A new tropical storm has been brewing in the Atlantic. Christened “Peter”, it marks the 16th named storm of this year’s hurricane season.
Tropical storm Peter formed east of the Caribbean on Sunday, centered some 400 miles off the Leeward Islands. According to the National Hurricane Center (NHC), the storm is expected to pass north of the Lesser Antilles and is likely to produce between one and three inches of rainfall around its edge. Puerto Rico, the Virgin Islands, and the Leeward Islands are liable to see “areas of urban and small stream flooding” up through Tuesday, the NHC adds. Top wind speeds are expected to fall below or around 45 mph (72.5 km/h).
Although it has barely been a week since Hurricane Nicholas slid across Texas and Louisiana, and just a little over three since Hurricane Ida battered the same shores, a new storm is brewing in the Atlantic.
Tropical storm Peter is the sixth hurricane to form this year. Along with these, three major hurricanes (meaning they were a category 3 or higher in intensity) have raged in 2021, making it quite the busy year. Naturally, more could be on the way. As far as Peter is concerned, the NHC notes that a strong cold mass of air is moving eastward across the U.S., which is likely to butt heads with the storm. This front of cold air should push Peter back out to the ocean and insulate the Eastern Seaboard, if not completely, then at least to a certain extent.
Despite the formation of this tropical storm, no coastal watches or warnings were in effect as of this Sunday in any of the areas highlighted by the NHC.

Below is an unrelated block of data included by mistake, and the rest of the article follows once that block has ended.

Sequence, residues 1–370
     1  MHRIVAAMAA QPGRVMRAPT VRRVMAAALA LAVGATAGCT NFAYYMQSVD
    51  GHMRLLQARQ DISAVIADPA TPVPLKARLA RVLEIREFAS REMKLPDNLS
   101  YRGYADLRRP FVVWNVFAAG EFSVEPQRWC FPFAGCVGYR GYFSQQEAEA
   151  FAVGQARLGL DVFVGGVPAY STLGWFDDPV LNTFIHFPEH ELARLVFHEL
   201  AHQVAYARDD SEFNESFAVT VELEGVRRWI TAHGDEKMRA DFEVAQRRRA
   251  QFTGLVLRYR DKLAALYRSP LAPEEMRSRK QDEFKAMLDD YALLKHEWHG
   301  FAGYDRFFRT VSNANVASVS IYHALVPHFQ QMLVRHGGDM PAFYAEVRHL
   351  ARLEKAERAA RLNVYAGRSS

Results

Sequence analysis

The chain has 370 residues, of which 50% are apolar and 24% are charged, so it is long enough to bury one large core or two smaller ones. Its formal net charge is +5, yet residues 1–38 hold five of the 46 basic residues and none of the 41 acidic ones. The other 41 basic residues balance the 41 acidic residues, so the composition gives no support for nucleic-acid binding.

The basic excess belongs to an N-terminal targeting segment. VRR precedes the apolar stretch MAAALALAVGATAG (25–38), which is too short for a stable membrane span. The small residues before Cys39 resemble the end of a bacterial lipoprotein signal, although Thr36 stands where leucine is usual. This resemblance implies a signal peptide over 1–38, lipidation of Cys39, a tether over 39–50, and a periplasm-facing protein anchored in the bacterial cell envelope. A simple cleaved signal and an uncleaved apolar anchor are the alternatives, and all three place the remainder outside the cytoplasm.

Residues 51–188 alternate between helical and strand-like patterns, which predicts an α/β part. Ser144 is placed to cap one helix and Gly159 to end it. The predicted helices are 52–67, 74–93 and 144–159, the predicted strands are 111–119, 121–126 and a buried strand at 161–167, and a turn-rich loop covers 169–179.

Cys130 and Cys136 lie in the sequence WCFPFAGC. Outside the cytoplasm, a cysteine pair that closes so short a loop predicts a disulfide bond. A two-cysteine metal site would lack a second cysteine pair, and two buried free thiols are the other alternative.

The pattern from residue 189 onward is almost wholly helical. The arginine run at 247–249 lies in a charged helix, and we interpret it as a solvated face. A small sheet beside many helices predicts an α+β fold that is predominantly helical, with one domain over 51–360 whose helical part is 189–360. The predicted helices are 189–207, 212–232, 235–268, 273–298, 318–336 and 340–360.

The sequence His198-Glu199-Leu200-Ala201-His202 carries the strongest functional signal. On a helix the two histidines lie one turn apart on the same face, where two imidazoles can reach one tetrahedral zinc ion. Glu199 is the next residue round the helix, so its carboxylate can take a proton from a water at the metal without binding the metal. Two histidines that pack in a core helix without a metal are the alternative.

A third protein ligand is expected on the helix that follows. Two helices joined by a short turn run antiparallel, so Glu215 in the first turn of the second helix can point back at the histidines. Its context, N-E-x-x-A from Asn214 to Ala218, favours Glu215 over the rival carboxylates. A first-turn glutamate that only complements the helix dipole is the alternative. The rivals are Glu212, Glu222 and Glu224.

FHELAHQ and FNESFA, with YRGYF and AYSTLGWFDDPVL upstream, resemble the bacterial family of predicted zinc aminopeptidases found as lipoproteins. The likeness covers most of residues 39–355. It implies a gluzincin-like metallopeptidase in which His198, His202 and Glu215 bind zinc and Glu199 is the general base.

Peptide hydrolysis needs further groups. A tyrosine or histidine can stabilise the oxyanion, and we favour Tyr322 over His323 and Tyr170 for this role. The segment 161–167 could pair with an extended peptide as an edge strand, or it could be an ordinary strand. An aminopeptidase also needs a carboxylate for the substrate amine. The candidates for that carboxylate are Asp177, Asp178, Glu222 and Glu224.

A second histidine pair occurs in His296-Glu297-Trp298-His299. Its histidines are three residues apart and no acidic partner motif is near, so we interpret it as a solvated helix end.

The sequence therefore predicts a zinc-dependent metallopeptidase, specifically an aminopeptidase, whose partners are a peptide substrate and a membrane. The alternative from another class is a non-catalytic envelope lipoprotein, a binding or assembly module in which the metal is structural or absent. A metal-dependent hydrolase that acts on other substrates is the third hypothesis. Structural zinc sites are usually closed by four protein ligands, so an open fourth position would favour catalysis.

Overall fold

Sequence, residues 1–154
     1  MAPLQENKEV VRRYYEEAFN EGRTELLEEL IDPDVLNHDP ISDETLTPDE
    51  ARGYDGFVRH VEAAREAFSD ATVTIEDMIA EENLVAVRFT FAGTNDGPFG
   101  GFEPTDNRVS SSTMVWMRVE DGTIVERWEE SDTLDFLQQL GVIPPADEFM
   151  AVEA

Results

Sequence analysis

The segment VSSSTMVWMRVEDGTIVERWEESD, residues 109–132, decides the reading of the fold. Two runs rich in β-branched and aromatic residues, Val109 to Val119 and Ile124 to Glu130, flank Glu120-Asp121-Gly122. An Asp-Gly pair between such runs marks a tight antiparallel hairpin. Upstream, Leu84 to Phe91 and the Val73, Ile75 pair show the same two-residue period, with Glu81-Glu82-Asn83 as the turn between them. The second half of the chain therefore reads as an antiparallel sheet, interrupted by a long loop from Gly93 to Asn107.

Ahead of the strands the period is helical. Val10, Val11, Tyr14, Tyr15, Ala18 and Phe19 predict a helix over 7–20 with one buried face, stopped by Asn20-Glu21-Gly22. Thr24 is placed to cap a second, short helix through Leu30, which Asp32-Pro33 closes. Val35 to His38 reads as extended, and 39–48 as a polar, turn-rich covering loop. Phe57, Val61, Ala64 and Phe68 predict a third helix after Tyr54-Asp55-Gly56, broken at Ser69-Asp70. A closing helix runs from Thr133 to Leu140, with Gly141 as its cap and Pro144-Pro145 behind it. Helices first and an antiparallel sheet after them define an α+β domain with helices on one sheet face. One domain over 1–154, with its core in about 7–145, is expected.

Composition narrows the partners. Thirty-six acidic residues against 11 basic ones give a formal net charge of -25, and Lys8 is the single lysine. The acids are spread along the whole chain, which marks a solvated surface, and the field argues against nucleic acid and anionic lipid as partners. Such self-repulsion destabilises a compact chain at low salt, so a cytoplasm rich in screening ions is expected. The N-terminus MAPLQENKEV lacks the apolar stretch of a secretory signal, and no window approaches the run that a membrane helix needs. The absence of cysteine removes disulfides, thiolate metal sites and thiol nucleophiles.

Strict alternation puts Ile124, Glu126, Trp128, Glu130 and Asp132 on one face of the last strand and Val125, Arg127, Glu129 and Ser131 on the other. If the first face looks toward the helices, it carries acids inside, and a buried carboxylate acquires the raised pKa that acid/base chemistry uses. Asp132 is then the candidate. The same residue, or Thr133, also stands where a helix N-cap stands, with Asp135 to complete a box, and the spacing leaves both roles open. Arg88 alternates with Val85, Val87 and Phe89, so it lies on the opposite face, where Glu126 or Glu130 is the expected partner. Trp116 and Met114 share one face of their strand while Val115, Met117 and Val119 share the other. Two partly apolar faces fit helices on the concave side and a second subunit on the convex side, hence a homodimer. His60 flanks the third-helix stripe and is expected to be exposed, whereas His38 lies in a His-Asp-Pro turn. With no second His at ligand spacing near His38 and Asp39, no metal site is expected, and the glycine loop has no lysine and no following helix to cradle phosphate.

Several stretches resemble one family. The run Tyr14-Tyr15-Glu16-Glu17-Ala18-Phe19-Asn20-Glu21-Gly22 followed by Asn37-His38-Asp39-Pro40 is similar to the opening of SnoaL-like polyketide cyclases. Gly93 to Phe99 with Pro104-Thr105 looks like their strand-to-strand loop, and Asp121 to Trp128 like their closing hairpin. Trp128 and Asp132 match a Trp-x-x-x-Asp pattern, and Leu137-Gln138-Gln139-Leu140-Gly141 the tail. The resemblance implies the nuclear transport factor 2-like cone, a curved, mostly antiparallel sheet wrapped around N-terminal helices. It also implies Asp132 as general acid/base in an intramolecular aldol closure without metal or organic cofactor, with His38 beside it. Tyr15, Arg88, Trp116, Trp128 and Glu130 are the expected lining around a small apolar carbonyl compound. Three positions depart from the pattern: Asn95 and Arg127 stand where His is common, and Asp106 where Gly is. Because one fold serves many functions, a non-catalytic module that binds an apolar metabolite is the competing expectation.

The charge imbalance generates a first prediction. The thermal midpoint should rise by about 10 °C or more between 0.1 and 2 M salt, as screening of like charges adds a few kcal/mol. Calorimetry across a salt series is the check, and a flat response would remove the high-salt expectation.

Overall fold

Forecasters are also keeping tabs on a tropical depression in the eastern Atlantic. This particular low-pressure system was picked up around 315 miles west-southwest of the Cabo Verde Islands (off the western coast of Africa). While not particularly intense right now, moving northwards at around 14 mph with sustained winds of around 35 mph (22.5 and 56.3 km/h respectively), there is still a high chance that it will morph into a new tropical storm — which will be named “Rose”. The two storms started coalescing pretty much at the same time, but Peter developed more rapidly in intensity.
If we consider Rose as well, this would be the third Atlantic hurricane season in recorded history to have 17 named storms by the 20th of September. The others were the 1966 season, the 2005 one, and 2020. The link between climate change and freak weather or events such as hurricanes has been highlighted in the past, and the high incidence of storms recorded this season certainly seems to follow that hypothesis.
Each hurricane in every year is given a name starting with the corresponding letter of the alphabet — A for the first, B for the second, and so on. Last year, in particular, had so many named storms that meteorologists exhausted the alphabet and had to assign Greek letters, only the second time in history that this has happened. It still holds the record for the highest number of storms in a single year, 30. The runner-up is still the 2005 hurricane season, with 28 recorded storms.
Hurricanes are primarily fed by expanses of open, warm water. As the planet’s climate heats up overall, so do the oceans, meaning we’re likely to see stronger and more frequent events of this kind in the future. They are also likely to become wetter — to carry more precipitation — due to higher overall levels of moisture in the atmosphere, as higher mean temperatures lead to higher levels of surface evaporation. As storms increase in intensity and sea levels rise, they are also liable to generate more storm surges, and thus become more dangerous over time.
A report by the United Nations released in August has also issued a warning to this extent. According to the document, unavoidable shifts in climate will lead to more intense and more frequent heatwaves and droughts over the next 30 years. Hurricanes have already been following this trend for the last 40 years, it adds.